Toyota and Lexus: The Toyota Prius and Highlander Hybrid, and Lexus HS250, RX 450h, LS 600 hL and the coming CT 200h have switchable eco modes that tweak accelerator response and optimize the climate control. The Camry Hybrid also has a dedicated green mode, but it doesn't affect the throttle, it only adjusts HVAC system to improve fuel efficiency.

When it comes to quantifying the results of driving in these economy mode, manufacturers usually estimate a five- to ten-percent improvement, though Dodge said that the econ mode in the Grand Caravan is good for about one more mile per gallon. Do the math and a vehicle rated at 25 combined mpg will then get anywhere from 26.25 to 27.5 mpg. That's about the same improvement most people would see if they kept their car in a proper state of tune with the tires inflated -- or if they just drove a bit less aggressively.

Of course, you mileage will vary, as is the case with all measures of fuel efficiency, including the official ones done by the EPA. Which brings up another interesting point, which is that all the vehicles hauled off to the EPA's National Vehicles and Fuel Emissions Laboratory in Ann Arbor, Michigan, for testing will be revved on the dyno only in their normal operating mode. Even if a car is equipped with an button that adjusts the car's responses to increase fuel economy, the EPA never presses it to ascertain how mpg is affected.

There are plenty of reasons for this, prime among them that fuel economy and emissions testing protocols are so interrelated between the EPA, Department of Transportation and Congress that the proverbial butterfly shifting its wings in EPA headquarters at Federal Triangle could translate into chaos in the Capitol. But another reason is even simpler: It isn't clear who really uses the eco button, and how often, and why. Even the manufacturers aren't sure.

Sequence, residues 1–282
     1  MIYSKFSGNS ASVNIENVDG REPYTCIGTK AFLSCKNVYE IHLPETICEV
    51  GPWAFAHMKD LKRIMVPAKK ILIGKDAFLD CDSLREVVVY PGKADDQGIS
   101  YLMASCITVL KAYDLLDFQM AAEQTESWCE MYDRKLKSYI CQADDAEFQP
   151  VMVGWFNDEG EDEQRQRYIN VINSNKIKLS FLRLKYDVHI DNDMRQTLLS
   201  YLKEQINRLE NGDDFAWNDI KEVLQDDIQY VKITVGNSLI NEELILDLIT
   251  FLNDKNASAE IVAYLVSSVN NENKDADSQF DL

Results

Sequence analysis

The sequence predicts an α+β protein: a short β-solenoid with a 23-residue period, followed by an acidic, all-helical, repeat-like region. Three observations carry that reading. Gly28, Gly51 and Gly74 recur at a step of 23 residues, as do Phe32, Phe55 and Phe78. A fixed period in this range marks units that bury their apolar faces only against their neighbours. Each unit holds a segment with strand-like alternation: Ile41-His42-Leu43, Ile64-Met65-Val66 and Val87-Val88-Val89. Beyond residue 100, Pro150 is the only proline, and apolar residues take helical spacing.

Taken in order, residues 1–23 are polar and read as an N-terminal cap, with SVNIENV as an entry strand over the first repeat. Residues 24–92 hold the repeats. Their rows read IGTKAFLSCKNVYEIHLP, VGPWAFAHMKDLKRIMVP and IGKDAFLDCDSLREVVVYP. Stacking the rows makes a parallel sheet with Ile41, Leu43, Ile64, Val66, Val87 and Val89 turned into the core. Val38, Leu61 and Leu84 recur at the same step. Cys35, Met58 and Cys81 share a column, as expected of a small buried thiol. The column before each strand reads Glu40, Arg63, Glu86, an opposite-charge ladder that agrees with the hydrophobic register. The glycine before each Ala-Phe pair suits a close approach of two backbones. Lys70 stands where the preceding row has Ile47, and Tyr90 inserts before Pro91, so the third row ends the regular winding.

When we asked, only Honda provided us with an estimate, saying "our internal customer research shows that in the CR-Z, 50 percent of drivers use the ECO button (compared to Sport and Normal) as their primary driving mode." That's a healthy number, and while we have no proof of it, we'd tend to think that the usage stats for other cars wouldn't be that high. We suspect that buyers of the CR-Z, a small two–seat hybrid, are more inclined to use their economy driving mode than those who take home an eight–cylinder Infiniti M.

The other big question is why these buttons exist at all? Is it because car buyers really want them or has marketing taken over the movement? It's probably a dead heat. Buyers really are asking for features that will let them spend less at the pump, and eco buttons can save gas. If oil prices continue their climb, buyers' polite requests will surely turn into forceful demands. Nevertheless, drivers don't want to sacrifice speed or comfort or ride, at least not all the time. Hence the eco button, so you can go further, if a little bit slower. It might be marketing, but since it leaves things entirely up to you it is also, in the words of Kyle Bazemore at Infiniti, "the luxury of choice."

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    • 1 Second Ago
      • 3 Years Ago
      How many times are you morons going to keep rewriting this SAME STORY? In the past 8 months, you have done at least 27 so called "news" articles on this exact same issue. Is there that much of a shortage of newsworthy events in the world? If news is that hard to come by, try publishing some spelling and grammer lessons for people like "Harry Hurt" and your own illeriterate reporters.